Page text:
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Scutaro ready to step up at short with Tulo out

Scutaro ready to step up at short with Tulo out

Scutaro ready to step up at short with Tulo out
DENVER -- The Rockies' Marco Scutaro was not one of the legion of Venezuelan infielders who felt born to play shortstop and uphold the tradition of Luis Aparicio, Chico Carrasquel, Dave Concepcion and Omar Vizquel.

Scutaro was a second baseman and third baseman with the Indians' chain in the mid-90s, when Vizquel held the position for the big club and current D-backs infielder John McDonald was the shortstop in the Minors. It wasn't until he landed with the Mets in 2002 that he added the position.

Yet the versatile Scutaro learned it well enough to play a significant number of games there, and play it as the starter for the Athletics, Blue Jays and Red Sox. He'll likely be the Rockies' primary player there with Troy Tulowitzki on the 15-day disabled list with a strained left groin.

"I knew when I was in the Minor Leagues, I needed to learn to play short so I could make it in the big leagues as a utility player," said Scutaro, whose start against the Dodgers on Friday night was his 662nd at short in his career -- which accounts for 57 percent of his Major League games. "But I got an opportunity to play it in Oakland because [Bobby] Crosby was hurt for a couple of years.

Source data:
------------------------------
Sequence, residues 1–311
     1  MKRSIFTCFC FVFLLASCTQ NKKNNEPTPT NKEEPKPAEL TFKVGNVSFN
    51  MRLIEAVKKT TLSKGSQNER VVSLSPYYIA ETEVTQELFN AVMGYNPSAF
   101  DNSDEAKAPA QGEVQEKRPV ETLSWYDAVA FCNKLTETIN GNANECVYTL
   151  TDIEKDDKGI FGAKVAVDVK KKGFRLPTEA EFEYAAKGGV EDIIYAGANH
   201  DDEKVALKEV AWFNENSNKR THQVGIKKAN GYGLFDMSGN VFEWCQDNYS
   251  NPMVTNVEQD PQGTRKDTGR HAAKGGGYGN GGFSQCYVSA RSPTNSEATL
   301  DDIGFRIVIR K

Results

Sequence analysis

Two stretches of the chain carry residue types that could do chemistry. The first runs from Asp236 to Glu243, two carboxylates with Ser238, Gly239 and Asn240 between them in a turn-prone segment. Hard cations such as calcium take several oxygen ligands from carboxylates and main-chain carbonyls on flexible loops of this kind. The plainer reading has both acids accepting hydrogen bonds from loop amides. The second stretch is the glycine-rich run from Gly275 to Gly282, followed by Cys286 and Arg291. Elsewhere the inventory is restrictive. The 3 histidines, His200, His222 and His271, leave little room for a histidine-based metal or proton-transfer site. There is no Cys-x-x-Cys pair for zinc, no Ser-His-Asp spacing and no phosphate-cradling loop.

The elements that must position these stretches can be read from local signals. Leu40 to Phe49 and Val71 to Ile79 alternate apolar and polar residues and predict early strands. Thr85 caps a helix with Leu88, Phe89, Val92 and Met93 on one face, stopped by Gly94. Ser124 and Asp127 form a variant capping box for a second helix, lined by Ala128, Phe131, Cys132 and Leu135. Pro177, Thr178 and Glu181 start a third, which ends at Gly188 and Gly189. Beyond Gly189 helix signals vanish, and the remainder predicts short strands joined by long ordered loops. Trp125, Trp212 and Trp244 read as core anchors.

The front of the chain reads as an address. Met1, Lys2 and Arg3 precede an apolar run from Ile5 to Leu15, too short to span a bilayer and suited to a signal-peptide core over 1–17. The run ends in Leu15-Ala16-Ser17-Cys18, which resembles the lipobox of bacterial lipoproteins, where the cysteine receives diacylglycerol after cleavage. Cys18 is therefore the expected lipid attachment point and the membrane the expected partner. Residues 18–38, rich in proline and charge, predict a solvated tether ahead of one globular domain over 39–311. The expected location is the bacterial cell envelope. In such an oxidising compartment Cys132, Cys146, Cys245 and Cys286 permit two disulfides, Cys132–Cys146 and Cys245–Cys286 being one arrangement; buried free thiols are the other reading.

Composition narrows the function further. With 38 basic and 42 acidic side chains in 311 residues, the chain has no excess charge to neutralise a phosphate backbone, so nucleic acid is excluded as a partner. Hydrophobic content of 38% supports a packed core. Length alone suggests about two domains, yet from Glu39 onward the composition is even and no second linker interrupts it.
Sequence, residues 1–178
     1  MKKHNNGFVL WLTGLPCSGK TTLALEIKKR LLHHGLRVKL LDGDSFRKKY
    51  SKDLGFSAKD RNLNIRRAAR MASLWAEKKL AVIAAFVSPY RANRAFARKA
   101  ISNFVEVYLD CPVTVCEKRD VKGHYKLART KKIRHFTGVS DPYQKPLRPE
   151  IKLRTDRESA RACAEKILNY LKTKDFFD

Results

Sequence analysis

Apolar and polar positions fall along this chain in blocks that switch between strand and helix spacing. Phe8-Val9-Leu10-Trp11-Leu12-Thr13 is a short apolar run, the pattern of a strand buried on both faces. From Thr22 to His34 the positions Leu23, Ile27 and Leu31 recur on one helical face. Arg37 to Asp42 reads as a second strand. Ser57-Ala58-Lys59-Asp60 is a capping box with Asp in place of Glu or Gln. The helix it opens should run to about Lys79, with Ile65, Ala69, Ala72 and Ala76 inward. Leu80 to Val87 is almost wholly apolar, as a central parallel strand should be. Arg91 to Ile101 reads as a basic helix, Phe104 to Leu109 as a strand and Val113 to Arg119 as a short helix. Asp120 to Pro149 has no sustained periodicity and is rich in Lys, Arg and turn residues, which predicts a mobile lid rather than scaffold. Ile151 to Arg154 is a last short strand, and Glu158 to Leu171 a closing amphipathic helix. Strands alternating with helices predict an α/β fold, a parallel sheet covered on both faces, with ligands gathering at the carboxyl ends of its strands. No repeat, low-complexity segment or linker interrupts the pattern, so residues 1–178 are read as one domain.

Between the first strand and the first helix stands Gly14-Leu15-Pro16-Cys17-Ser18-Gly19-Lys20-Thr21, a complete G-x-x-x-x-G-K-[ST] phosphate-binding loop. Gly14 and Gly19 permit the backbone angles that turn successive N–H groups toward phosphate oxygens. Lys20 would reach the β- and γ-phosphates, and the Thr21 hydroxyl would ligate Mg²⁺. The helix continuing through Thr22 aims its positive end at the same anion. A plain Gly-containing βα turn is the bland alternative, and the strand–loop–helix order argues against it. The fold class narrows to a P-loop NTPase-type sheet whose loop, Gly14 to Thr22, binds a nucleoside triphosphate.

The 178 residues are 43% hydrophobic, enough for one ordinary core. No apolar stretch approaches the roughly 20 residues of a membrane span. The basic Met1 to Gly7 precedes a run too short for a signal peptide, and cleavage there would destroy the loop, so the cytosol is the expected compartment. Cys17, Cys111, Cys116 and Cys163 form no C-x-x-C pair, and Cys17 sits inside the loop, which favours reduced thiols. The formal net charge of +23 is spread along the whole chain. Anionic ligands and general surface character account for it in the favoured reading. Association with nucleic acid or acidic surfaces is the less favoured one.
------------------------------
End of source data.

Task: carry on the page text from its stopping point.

"[Rangers manager] Ron Washington was the infield coach, and I owe him a lot."

Rockies manager Jim Tracy said he didn't want the 36-year-old Scutaro to wear down from playing short too much. Chris Nelson, who has played mostly third, and DJ LeMahieu could spell him at short.

"I've got to be careful," Tracy said. "You want him to play some shortstop, no question about it. It's a natural position for him. But you don't want to run Marco to the ground."

"Wherever Tracy needs me, I'll be ready for it," Scutaro said. "I'll do the job. Shortstop is a little harder on your body than second, especially throwing."

Throughout the season, Scutaro was the Rockies' hard-luck player, and that luck has contributed to a .257 batting average. Scutaro had four RBIs in the season's first 45 games, but that had to do with his hitting leadoff. Now in the No. 2 spot behind the sizzling Dexter Fowler, Scutaro went into Friday with five RBIs in his last three games.

"My swing is better and I'm finding some holes," Scutaro said. "You want results."

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